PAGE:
Ever been tempted to buy links? Don’t. It’s now clearer than ever that this quick fix to Google ranking is not only a waste of money, but may even damage your ranking longer term. This post summarises what’s been happening to link buying recently and explains why you should care about ‘social authority’.
In the last month we’ve seen Google become even more firm in its stance towards companies that try to manipulate search rankings. There have been some big casualties – in the US JC Penney and Forbes.com have been out-ed as trying to manipulate their rankings using paid links, and several large link selling networks have decided to shut up shop. More websites than ever are receiving warnings in WebMaster Tools highlighting unnatural linking behaviour with a warning like this one:
It’s official; the days of lazy link buying are finally over. The uncomfortable truth is that good websites – those that put care and love into their content and interact with their public – deserve to rank better than those that don’t. In the past, there hasn’t really been an effective way to measure this love and care, but inevitably those Google boffins were going to find a way. Here’s what they are saying about link buying and webspam.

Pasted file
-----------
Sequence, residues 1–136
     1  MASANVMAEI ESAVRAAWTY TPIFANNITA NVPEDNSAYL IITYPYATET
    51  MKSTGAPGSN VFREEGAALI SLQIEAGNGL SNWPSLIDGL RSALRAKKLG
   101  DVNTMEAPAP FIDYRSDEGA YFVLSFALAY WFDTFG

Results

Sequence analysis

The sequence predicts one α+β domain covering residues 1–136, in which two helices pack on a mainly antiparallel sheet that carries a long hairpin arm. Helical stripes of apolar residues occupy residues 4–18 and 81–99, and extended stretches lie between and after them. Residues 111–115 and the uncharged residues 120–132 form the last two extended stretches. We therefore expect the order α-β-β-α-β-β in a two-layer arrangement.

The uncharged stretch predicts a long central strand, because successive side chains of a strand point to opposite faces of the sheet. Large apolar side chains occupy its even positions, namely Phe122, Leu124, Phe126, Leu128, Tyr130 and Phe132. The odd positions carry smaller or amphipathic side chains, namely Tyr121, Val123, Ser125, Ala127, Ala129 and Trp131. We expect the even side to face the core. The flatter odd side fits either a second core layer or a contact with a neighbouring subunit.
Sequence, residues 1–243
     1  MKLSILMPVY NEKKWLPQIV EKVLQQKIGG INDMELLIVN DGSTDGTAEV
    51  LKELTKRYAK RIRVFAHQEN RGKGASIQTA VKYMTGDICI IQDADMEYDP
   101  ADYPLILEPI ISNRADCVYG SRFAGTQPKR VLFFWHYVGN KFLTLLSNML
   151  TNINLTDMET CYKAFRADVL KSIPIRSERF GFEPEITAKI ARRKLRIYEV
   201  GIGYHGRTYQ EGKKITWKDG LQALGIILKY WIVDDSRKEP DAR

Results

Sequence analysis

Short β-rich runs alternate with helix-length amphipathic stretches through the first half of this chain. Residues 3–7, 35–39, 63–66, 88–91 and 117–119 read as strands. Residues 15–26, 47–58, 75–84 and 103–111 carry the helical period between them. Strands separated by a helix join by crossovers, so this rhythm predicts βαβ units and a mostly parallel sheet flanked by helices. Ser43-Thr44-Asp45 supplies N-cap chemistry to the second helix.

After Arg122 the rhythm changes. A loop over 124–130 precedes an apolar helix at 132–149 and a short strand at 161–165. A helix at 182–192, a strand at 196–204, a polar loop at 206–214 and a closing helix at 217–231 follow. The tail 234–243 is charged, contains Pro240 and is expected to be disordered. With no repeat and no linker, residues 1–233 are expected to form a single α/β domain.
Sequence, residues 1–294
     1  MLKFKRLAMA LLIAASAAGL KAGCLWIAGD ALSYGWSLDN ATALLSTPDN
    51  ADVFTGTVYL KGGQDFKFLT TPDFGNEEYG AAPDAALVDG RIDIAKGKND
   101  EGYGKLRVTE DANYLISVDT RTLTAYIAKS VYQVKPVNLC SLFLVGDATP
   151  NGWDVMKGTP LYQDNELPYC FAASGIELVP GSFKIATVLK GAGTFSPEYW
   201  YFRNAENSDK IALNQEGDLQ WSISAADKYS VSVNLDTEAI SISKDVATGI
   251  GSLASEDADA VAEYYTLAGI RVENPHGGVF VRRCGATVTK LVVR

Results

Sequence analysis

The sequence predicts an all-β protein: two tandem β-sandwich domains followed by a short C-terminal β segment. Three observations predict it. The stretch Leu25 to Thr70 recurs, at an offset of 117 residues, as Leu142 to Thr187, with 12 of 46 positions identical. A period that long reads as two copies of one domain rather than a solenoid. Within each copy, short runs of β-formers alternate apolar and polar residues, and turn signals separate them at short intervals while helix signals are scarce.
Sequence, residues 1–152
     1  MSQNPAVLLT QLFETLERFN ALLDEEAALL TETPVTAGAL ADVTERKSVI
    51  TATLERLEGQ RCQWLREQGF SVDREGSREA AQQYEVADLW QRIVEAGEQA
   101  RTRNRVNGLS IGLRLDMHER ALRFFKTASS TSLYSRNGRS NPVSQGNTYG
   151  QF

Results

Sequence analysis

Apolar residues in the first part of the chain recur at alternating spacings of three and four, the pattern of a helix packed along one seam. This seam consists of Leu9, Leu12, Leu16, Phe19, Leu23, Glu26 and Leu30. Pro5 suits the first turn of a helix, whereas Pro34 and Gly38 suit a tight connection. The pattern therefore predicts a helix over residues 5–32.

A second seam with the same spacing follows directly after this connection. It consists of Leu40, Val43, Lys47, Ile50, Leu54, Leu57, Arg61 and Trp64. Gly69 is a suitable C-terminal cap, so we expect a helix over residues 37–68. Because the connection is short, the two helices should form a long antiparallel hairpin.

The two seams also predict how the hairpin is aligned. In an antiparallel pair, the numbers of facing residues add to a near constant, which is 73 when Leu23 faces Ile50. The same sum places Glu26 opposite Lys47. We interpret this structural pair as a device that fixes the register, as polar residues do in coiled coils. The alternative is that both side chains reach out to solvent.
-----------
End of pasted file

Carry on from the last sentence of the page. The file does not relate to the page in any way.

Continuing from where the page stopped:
This message was front and centre at this year’s LinkLove conference. There was less talk of ‘link bait’ and more about the power of a website’s content and the importance of social profile, for brands and for individuals associated with those brand.
Twitter, Facebook and Google+ are leading the way with content that is liked and shared by people (with Pinterest and Path amongst others not far behind). This is measurable, so it’s perhaps not so surprising that Google is starting to factor popularity of content into search results. What is also measurable is the reach and influence of individual contributors, those people and brands who are putting love and care into the online community. This social authority, or the ability to influence a wide number of people, is emerging as the critical ranking factor of the future
What does it mean to you? If you currently pay for links then your supplier is going to be trying to scare you into carrying on. Be brave and stop it. Invest instead in great content and building the social authority of your site. If you are already active on social networks, then you have some social authority already and Jon’s next post will help you understand what it is and how you can do more with it.
(Stop sign - image creditation, Steve A Johnson)